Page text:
In the appeal court’s judgement the two points formulated were: Firstly, whether the victim boy is an accomplice in commission of the crime and secondly, whether there is evidence to convict the accused under Sections 373 and 377. But while he has ruled that the victim is an accomplice in commission of the crime, he ruled that ‘it is not proved that the guilty was indulging in unnatural offence’.

The judgement contends that to prove that the accused was guilty under Section 373 it was necessary for the prosecution to prove that the accused had carnal intercourse with the victim… and that it was against the order of nature. According to him ‘the prosecution was required to prove Section 377 to prove Section 373’. A basic contention of the judge appears to be that the prosecution failed to establish that the accused had carnal intercourse with the victim. The judge ruled that the testimony of the child has to be corroborated in ‘material particulars’ for it to implicate the accused.

First of all, for a child to talk about being sexually exploited is rare, consequently a child’s testimony needs to be given serious consideration. Moreover, in the judgement passed by Sardessai J. in February 1999 the trial judge viewed the evidence of spermatozoa in the anus as significant, as it was observed that it was not possible for discharge from the penis to fall on the anus of the same person. Kenkre J., however, has stated that ‘discharge from the penis can fall on the anus’ of the same person and has raised doubts about the possibility of sperm surviving for more than 48 hours without being ‘washed out at the time of taking bath or cleaning the anus after natural course’. Sardessai J.’s contention was that it appears improbable that the sperm in the anus could belong to the same person, because of ‘the anatomical position of the anus and the penis’ (to quote Judge Sardessai’s judgement).

Child rights activists were able to convince the State to appeal to the High Court against the decision of the Additional Sessions Court. But when the case came before the High Court child rights activists were aghast to learn that Brinkmann had left the country. The Public Prosecutor while informing the court that he was ‘probably’ not in the country, failed to draw the attention of the judges to the fact that the offender in question was a suspected paedophile.

In another travesty of justice the immigration authorities informed the Goa Police after Brinkmann had left the country in spite of a Look Out Circular against him.

Dominique Sabire Sabire was a Frenchman, aged 61 at the time of his arrest in 1999; an associate of Freddy Peats. A holder of two postgraduate degrees and a writer of bestsellers in French, he was caught at Delhi Airport, where he was in transit on his way to Thailand. There were previous references about his visits to Thailand in his letters. He left the country after jumping bail in February 2000, and continues to abscond. Ironically, the Campaign Against Paedophilia had warned the state of this possibility while conducting a campaign on the Brinkmann case.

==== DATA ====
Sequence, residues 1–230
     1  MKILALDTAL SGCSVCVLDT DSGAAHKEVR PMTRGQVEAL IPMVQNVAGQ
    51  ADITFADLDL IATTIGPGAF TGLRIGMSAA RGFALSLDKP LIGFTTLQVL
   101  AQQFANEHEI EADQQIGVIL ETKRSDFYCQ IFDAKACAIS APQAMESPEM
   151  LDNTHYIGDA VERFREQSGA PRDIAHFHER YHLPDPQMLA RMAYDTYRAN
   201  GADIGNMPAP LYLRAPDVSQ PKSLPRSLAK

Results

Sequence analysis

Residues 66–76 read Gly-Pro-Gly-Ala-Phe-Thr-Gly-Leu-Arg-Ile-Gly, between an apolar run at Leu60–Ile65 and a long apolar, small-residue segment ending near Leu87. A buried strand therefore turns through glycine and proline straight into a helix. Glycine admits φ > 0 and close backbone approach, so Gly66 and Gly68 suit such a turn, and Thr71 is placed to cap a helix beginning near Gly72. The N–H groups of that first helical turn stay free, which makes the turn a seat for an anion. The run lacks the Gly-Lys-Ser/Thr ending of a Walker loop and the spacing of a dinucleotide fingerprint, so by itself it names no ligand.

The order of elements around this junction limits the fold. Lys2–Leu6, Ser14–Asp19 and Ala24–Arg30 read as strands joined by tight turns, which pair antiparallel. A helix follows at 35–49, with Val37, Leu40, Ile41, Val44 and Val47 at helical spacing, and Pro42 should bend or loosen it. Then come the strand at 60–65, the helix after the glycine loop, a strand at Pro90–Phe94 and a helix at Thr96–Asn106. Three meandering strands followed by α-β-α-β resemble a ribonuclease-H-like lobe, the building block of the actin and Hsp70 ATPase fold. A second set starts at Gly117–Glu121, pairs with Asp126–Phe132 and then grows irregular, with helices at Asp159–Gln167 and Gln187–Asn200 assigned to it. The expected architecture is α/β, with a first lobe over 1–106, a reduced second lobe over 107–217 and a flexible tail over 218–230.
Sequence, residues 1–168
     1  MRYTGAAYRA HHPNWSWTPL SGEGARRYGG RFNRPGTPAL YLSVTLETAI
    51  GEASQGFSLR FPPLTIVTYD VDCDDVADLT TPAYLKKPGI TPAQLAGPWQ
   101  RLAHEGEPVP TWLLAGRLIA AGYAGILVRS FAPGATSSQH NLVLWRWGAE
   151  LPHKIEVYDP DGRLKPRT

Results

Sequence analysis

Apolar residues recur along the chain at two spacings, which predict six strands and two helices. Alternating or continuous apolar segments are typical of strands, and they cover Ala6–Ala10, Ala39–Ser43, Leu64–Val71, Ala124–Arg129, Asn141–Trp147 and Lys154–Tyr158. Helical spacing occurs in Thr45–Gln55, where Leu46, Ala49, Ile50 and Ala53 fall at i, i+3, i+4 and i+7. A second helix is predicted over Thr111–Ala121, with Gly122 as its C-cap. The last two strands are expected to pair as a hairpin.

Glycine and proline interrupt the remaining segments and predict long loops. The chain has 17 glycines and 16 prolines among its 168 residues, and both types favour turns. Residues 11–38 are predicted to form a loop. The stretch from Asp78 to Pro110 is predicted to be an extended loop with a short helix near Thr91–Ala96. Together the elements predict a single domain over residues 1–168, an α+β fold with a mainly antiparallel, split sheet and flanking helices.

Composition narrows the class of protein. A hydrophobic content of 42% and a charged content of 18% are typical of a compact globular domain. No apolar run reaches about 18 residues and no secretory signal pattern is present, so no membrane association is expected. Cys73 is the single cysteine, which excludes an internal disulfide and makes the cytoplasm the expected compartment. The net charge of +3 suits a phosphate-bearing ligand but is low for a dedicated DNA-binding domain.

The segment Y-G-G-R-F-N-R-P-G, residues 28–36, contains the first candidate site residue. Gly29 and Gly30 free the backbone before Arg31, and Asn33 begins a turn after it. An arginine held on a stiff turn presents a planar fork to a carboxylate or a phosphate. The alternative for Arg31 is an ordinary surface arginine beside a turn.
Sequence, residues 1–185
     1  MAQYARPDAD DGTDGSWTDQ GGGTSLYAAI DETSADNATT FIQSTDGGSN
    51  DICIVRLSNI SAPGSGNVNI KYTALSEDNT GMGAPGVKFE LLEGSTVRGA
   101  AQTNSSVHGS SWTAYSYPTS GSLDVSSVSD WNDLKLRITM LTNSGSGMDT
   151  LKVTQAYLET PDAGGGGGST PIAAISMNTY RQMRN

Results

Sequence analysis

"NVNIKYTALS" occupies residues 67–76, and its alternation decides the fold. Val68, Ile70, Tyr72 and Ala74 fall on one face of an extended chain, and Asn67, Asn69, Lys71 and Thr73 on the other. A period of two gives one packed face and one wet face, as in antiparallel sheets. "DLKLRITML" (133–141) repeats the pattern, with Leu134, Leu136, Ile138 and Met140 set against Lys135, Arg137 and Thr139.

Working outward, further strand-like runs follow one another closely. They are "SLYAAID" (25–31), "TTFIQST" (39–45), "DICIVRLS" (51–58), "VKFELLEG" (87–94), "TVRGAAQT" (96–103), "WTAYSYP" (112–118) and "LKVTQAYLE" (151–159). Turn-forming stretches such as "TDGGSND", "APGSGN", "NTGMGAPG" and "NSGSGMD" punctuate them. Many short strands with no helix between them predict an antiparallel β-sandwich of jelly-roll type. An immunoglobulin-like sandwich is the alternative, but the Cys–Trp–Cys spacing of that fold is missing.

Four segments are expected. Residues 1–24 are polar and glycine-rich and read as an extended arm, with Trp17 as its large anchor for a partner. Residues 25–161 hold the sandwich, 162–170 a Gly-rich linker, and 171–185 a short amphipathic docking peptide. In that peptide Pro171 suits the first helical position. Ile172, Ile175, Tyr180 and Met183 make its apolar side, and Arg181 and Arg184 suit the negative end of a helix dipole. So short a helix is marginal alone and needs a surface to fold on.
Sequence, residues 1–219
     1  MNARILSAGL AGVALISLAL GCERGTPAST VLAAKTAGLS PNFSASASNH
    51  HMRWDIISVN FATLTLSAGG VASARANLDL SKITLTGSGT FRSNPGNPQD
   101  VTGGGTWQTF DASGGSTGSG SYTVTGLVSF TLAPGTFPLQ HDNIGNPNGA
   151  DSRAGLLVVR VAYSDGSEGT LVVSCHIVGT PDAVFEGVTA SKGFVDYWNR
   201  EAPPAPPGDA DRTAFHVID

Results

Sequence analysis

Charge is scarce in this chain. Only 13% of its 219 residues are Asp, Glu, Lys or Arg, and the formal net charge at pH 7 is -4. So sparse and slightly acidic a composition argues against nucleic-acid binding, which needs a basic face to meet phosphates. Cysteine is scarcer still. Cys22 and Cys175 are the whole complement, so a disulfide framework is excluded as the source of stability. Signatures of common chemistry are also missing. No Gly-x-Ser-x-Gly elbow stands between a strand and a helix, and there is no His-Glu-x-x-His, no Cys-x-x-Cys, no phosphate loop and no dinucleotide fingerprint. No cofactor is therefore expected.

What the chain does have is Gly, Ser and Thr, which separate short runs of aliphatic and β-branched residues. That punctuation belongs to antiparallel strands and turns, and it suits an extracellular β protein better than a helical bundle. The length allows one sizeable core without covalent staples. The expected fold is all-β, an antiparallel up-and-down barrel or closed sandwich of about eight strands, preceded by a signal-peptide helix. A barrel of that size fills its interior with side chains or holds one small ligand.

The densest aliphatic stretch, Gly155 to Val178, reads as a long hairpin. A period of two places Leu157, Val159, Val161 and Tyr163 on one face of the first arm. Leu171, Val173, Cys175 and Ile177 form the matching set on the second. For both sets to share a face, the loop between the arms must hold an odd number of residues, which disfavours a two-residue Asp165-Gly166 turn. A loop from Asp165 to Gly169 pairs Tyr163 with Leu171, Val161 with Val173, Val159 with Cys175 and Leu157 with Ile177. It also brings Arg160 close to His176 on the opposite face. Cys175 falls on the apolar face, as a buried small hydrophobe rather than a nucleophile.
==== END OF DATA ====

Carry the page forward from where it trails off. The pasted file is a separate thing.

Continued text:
Sabire was granted bail on 23 June 1999, but was required to report to the CBI office in Panaji every alternate day. He then made a plea that he be allowed to report to the Calangute Police Station as he was residing in Calangute. He was granted permission to do so from 16 February 2000. From 27 February he stopped reporting at the police station. However, Police Inspector Subhash Goltekar, who was in charge of the Calangute Police Station, informed the Public Prosecutor on 29 March, only 31 days after Sabire had stopped reporting to the Calangute Police Station, giving the Frenchman ample time to escape. Following this act of gross negligence on the part of this police officer, letters were written to the Director General Police demanding his suspension. However, to our knowledge, no action has been taken against him to date.
John Colin MiddletonMiddleton, a 71-year-old Britisher, was arrested on 19 March 2001 from a guest house in Benaulim where he was found with three Nepali children; two 13-year-olds and one 15-year-old, who he had brought with him from Nepal. According to Jan Ugahi and Childline, the organisations that had tipped off the police about the case, this man had a previous conviction for sodomy with a child in New Zealand. However, the Interpol has so far failed to respond to the inquiries of the Goa Police in this matter. Middleton was released on bail on 23 March 2001. His passport was later returned to him and he was allowed to leave the country. Unfortunately questions such as how three minor Nepali children were in his custody staying in the same room as him did not receive the attention they deserved.

Alan Dow
In May 2003 the police along with Children’s Rights in Goa entered a hotel room in Calangute, and found Alan Dow with a 13-year-old girl, both skimpily clad and sharing the same bed. But as there was no forensic evidence Dow was allowed to leave the country and no case was registered against him.

From the case descriptions given above it is evident that serious attention needs to be given to the question of what needs to be done to protect children and prosecute paedophiles. In order to facilitate the prosecution of paedophiles the following points need to be realised by state authorities:o Investigation of cases of paedophilia should be given as much importance as cases of dacoity/narcotics and the NGOs should not be expected to do all the investigative work. Police should be motivated to investigate such cases by appropriate incentives, such as it reflecting positively in their service records.

Protocols need to be developed to ensure that paedophiles out on bail are prevented from escaping from the country. It should be a matter of procedure that the police communicate with immigration authorities and foreign embassies to alert them to the fact that the suspected offender should not be allowed to leave the country.

Sensitisation programmes have to be carried out among all those dealing with cases of paedophilia – the police, prosecutors and judges.

Existing laws should be used effectively to deal with cases of paedophilia until comprehensive laws are formulated to deal with cases of child sexual abuse.

Credit for this article goes to – Nishtha Desai, who is a child rights activist working with children in Goa.

I applaud her for her research and input but do not necessarily subscribe to all her viewpoints. For instance, the police need abuse specific education and training, incentives shouldn’t matter.Secondly, there are NO LAWS against CSA and the Goa Children’s Act is a state-specific deterrant which has it’s limitations and loopholes as the aforementioned article clearly points out.